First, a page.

But maybe if these things are built in our own image they’ll just be crippled with anxiety and self-loathing?
That would make them more interesting. But the problem is they’re sort of not. I’ve seen stories about robots that suddenly develop human emotions, and I’ve always avoided that in Black Mirror because I find them hard to relate to.
Maybe I’m a robot, or maybe I’ve got too many emotions, I don’t know. But I always found it not that interesting as a storyline—maybe because I’m selfish and I think, “I don’t care about the fucking robot.” And “Be Right Back” was written as an anti-“robot develops emotion” story. The AI shows up, but it can’t ever quite get there. And it’s not really thinking; it’s not really feeling.
Society’s worries tend to shift over time: AI, climate change, and the threat of nuclear war, which comes up in one of the new episodes. Black Mirror has always been pretty good at predicting what the next thing we should worry about should be. What are you worried about now that we’ll be worrying about in 10 years’ time?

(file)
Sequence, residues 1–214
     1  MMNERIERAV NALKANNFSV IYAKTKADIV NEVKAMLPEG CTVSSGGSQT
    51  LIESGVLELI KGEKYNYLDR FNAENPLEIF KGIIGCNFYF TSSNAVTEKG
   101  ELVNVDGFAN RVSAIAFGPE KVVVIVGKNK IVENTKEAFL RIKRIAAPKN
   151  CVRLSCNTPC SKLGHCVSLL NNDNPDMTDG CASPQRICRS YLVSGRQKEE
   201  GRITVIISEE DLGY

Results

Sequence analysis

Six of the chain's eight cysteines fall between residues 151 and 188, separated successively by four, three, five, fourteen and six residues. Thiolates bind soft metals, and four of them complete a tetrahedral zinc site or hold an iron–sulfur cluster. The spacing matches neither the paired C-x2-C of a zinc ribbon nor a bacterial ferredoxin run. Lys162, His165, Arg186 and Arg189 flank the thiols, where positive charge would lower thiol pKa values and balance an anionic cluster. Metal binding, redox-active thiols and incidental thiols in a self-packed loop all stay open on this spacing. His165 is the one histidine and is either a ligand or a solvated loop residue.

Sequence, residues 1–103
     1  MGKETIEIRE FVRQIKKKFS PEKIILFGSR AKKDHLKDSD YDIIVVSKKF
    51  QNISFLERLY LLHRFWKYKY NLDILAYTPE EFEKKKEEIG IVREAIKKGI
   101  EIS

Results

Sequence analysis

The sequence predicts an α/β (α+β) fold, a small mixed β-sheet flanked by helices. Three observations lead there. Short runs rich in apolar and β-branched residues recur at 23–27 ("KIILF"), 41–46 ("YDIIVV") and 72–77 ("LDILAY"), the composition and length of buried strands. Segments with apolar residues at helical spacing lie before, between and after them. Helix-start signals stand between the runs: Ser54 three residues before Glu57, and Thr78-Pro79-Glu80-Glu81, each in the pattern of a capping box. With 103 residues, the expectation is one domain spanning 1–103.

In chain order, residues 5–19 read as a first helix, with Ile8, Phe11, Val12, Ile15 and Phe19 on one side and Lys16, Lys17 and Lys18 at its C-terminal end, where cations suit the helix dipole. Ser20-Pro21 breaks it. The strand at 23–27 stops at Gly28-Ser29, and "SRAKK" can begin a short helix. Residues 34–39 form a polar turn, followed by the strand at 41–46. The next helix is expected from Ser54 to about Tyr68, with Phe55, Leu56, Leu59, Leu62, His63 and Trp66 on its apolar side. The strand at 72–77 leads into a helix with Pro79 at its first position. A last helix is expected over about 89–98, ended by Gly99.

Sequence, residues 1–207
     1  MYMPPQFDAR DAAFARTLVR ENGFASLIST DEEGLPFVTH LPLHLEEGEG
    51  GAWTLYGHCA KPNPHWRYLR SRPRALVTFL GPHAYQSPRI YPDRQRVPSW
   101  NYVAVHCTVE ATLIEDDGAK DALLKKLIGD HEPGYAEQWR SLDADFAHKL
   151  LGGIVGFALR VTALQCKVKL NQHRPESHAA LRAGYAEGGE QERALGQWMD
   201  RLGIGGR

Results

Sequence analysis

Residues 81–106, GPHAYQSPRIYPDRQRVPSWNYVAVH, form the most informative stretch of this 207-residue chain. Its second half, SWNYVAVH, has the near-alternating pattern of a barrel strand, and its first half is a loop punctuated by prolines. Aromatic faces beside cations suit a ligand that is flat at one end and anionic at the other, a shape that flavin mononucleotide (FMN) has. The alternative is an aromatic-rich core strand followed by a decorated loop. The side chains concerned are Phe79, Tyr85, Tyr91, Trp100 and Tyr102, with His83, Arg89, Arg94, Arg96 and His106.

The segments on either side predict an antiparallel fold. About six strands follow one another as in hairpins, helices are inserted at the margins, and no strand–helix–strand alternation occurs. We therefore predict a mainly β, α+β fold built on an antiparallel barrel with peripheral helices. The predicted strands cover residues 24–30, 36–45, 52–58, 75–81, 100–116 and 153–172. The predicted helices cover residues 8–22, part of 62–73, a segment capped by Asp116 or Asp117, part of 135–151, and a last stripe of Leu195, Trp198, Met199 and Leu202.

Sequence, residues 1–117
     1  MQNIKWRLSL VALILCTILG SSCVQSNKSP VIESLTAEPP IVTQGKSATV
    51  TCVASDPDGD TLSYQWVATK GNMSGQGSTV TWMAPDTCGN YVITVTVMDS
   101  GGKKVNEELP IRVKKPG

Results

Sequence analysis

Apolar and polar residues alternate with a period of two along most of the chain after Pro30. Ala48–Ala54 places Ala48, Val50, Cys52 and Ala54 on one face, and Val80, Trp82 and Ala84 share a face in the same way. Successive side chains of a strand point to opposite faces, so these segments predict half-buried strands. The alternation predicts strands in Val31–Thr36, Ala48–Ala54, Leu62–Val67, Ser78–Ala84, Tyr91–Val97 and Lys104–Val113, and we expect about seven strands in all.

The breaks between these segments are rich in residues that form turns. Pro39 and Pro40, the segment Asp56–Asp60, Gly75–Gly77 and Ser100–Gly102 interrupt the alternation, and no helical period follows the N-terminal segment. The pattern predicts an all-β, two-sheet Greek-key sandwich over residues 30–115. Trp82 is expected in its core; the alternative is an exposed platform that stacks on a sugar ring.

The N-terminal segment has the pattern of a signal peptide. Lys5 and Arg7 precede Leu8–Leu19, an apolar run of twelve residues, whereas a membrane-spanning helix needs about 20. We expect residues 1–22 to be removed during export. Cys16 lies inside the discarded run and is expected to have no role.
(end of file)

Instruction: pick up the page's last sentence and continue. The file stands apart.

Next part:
Short term, the thing that worries me is disinformation, misinformation: the unfunny end of that image of the Pope in a puffer jacket that went viral a few weeks ago and turned out to have been generated by an AI. You can obviously see what happens when stuff like that is weaponized, and that’s going to be coming very soon. That’s terrifying, because some of the gatekeepers don’t seem to give a shit or are actively encouraging that.
So that frightens me—what people do when they’re afraid and misinformed. This is depressing isn’t it? That is probably going to be our biggest challenge over the next 10 years. And then beyond that, all the rest of it: climate, nukes, you name it. Keep it light!